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October 25, 2012 12:06 PM The Asymmetric Ground Game Continues

By Seth Masket

Two months ago, I noted the striking differences in the numbers of field offices the presidential campaigns have established in the swing states. I figured I’d check up on those numbers as we go into the home stretch of the election. Here’s what the field office totals look like now:

The differences are still pretty striking. With the exception of New Mexico, Obama has at least twice the number of field offices in each of the states. The Obama campaign actually has 131 field offices in Ohio, compared to 39 for the Romney campaign.

I had expected the numbers to even out or at least approach parity, but that’s not happening. Here’s a chart showing the growth in the number of field offices since I first checked on 8/31/12:

In every state except North Carolina, Obama has been building offices far faster than Romney has. Romney actually has nine fewer Florida offices than he did two months ago. (Maybe this is a record keeping error?)

As I mentioned in my previous post, it’s not entirely clear what this means. Yes, I have a paper showing that field offices matter — they helped Obama win three states he’d have otherwise lost in 2008. But that, of course, is no guarantee that offices will have the same sort of effect this time around. And I don’t fully comprehend Romney’s approach to field offices here. I have a few ideas, though:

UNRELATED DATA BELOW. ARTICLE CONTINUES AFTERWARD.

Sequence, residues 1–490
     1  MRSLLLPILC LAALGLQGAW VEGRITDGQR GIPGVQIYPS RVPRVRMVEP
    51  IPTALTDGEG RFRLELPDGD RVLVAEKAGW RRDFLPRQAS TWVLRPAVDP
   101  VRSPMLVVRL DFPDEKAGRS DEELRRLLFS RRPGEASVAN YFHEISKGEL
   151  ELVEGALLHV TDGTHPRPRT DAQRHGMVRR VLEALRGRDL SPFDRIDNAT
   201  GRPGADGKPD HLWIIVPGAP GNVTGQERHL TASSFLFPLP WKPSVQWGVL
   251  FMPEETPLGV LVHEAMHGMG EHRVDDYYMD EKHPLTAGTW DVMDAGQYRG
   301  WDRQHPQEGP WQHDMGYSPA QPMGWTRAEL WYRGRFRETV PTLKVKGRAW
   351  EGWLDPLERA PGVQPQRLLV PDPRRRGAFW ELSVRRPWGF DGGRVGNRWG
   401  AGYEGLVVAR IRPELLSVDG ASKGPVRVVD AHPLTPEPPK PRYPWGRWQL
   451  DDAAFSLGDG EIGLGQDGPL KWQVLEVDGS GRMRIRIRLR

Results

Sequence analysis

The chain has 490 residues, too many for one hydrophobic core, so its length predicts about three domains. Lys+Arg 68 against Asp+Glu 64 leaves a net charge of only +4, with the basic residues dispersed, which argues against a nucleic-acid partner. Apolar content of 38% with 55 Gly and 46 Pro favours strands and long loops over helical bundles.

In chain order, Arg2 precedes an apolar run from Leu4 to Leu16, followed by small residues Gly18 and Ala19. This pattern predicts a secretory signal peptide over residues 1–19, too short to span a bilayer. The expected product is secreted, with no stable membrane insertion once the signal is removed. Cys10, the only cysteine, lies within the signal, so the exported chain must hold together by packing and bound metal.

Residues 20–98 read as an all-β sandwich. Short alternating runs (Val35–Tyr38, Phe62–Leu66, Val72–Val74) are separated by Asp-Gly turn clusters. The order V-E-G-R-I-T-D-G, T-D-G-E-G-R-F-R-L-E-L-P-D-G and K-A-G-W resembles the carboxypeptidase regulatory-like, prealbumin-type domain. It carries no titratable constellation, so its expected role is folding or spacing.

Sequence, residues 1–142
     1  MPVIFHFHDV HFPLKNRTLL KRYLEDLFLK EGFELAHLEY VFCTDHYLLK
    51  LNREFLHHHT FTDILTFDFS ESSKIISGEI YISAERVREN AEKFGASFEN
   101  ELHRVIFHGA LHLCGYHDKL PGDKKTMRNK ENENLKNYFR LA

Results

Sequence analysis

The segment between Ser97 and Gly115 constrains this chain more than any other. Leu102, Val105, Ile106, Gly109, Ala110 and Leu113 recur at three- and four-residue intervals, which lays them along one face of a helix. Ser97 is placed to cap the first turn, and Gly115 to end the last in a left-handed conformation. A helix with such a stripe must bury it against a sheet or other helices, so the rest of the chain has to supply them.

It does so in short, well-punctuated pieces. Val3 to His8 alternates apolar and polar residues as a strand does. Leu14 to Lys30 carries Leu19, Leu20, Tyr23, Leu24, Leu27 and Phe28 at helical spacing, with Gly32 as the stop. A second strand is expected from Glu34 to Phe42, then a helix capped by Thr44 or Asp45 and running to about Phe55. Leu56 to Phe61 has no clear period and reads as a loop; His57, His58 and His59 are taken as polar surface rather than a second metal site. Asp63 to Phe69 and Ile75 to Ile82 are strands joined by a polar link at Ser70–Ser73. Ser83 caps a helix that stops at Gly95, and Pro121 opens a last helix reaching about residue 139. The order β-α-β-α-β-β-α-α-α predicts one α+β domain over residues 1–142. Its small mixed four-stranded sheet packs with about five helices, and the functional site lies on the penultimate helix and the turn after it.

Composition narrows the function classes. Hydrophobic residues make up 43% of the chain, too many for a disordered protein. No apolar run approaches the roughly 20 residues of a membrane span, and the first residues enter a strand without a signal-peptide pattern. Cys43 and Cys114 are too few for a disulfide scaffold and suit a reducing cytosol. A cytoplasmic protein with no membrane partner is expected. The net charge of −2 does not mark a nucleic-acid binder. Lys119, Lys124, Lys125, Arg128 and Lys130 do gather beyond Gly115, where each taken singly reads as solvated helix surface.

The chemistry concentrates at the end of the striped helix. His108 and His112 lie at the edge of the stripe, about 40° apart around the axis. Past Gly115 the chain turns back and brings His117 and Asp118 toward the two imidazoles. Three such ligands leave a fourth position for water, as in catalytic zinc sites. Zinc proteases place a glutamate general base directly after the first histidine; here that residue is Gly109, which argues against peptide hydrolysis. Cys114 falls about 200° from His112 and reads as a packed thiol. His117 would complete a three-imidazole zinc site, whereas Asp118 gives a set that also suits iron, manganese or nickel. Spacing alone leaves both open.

1. He doesn’t think they’ll yield him the same sort of electoral payoff that the Obama folks are counting on, so he’s investing more in ads.

  2. He believes his offices can each cover more territory than the Obama offices can.

  3. He’s counting on field organizational efforts from the parties, church organizations, and other allied groups to do the same sort of things that the Obama offices are doing.




These are all possibilities. Regardless of the concept behind it, we’re seeing very different approaches to the ground game this year.

[Cross-posted at Mischiefs of Faction]

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Seth Masket is an associate professor of political science at the University of Denver.